Attract Pollinators With A Low-Maintenance Tapestry LawnPublished: 24/04/2023 | Updated: 07/09/2023
Tapestry lawns are the newest storm when it comes to landscaping and lawn maintenance. Chances are, you've already heard of them.
A lot of people are choosing to do over their landscape to plant a tapestry lawn instead of traditional lawns. Why? And what are exactly tapestry lawns that everyone is getting so obsessed with?
In this article, we have all the answers for you! Including why you should plant a tapestry lawn and how!
What is a Tapestry Lawn?
A tapestry lawn, also known as a meadow lawn, grass-free lawn, or patchwork lawn, is a type of lawn planting that has no grass, unlike traditional grass lawns, and instead replaces it with a mix of native plants and flowering plants.
The plants and flowers should be of varying heights, colors, thicknesses, and textures, hence the mosaic nature.
Why Should You Choose to Go the Tapestry Lawn Way?
Tapestry lawns are currently one of the best alternatives for the traditional lawn. And that's on multiple levels.
The turf technique of replacing your grass with flowers and a vibrant ground cover species helps you create a stunning lawn.
There is no comparison between a lawn brimming with colors and textures and plain old grass!
The most significant factor regarding maintenance that you'd immediately notice with a tapestry lawn is the sudden decrease in mowing.
With a traditional lawn, mowing is the key factor to keeping your lawn neat and tended to. With tapestry lawns, mowing is reduced up to two-thirds, taking a lot off your plate.
More Eco friendly
A matrix garden isn't a good alternative for the traditional lawn just because it's aesthetically pleasing, low maintenance, and doesn't require regular mowing, a tapestry lawn is also way better for the environment on multiple levels.
Tapestry lawns require less water and less feed. And the vibrant plants are also much better for the wildlife.
They attract pollinators, including very beneficial insects and the native plants offer more food to those pollinators from early spring to late fall.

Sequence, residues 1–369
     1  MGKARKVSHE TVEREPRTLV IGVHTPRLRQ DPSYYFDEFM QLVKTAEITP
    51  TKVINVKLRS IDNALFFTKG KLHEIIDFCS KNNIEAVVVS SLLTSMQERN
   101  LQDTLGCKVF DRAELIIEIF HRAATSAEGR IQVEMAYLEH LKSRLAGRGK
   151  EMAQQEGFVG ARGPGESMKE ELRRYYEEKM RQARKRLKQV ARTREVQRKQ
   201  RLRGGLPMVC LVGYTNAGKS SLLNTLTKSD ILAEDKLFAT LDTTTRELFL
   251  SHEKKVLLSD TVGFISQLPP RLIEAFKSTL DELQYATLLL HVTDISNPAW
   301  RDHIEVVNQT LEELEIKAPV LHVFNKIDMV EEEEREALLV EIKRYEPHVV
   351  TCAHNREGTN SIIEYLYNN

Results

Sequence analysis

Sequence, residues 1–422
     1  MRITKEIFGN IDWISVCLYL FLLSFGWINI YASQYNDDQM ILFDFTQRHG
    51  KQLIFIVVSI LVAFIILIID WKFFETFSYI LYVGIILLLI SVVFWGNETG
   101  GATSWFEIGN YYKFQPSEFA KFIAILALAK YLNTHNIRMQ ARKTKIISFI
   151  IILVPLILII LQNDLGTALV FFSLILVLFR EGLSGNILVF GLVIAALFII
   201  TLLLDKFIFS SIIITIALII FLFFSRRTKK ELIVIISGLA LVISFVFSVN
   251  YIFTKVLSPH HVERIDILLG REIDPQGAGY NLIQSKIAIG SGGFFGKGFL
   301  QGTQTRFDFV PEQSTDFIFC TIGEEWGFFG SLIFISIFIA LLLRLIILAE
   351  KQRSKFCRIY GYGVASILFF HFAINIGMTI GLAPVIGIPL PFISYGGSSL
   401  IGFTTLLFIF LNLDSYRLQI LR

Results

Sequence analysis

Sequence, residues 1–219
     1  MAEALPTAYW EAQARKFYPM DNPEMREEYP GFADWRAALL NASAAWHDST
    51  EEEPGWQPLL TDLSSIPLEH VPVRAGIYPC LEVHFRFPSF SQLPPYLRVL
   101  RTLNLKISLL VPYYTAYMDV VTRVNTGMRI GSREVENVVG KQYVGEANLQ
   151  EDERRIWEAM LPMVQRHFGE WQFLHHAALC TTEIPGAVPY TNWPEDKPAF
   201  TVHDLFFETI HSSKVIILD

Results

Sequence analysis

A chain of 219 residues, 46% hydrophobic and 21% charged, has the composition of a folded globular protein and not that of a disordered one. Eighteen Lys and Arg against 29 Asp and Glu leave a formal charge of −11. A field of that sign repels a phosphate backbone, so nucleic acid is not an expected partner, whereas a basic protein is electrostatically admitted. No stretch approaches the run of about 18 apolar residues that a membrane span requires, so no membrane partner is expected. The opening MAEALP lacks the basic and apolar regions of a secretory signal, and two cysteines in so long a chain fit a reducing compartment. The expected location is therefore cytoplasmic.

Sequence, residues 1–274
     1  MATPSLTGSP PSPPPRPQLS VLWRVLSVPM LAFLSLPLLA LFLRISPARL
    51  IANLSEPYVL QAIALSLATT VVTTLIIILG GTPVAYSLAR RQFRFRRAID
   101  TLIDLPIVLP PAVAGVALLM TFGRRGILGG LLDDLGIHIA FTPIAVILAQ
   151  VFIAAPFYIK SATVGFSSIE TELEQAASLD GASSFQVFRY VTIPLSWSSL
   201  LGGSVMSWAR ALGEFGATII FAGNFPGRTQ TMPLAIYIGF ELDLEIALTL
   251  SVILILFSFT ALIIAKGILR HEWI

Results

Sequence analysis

And on the other hand, tapestry lawns are much more adaptable to your particular climate, requiring less interference from you.
How To Start Your Own Tapestry Lawn?
If you're already intrigued but don't know how you'd start your tapestry lawn, read on!
Prepare your Lawn
Before you start planting for the tapestry lawn, you first need to take care of your existing lawn and prepare it.
Remove existing grass by pulling it out, and the same for existing turf.
Prepare Your Soil
Once you've removed your grasses and turf, make sure your soil is ready by testing it. Make sure it's balanced and not too acidic or otherwise for your choice of plants.
Choose Your Plant Species
There is no one guideline for your choice of plant species. You'll choose your plants based on personal preference, soil, and climate. Native plant species are the best way to go, to ensure your tapestry lawn does well on its own.
But you could also start with the most popular ground cover plants for tapestry lawns. Those include creeping thyme and white clover.
Other lovely choices are Roman chamomile, favored for its aromatic leaves, and creeping jenny, which can create stunning ground cover foliage.
Once you've made your choices, start applying the seeds and water the lawn lightly to keep the soil moist.
You should do that in early spring or fall to give them a chance to establish themselves before the colder weather of winter or the hotter weather of summer.
How to Maintain a Tapestry Lawn?
During its early period, you should water your yard twice a day, each time ranging between 15 and 29 minutes.
Mowing won't be a problem. There is only occasional mowing and sometimes reaching only three or four times a year.
As for feeding, you can fertilize your flowers and plants once a year.
Weeds can appear and the best approach is to pull them out by hand whenever they do.
More Tapestry Lawn Tips
To avoid a bare-looking lawn during winter, choose evergreen plants.
Use a wide variety of species if you have the space for it. A minimum of twelve is great, to get a more aesthetical variety of plants and to make sure it's fine if some die out. This would also prevent one species from becoming dominant.
A tapestry lawn might feel unusual and a little chaotic to homeowners who always have traditional lawns, but it deserves good consideration because of the aesthetical and ecological benefits it offers.
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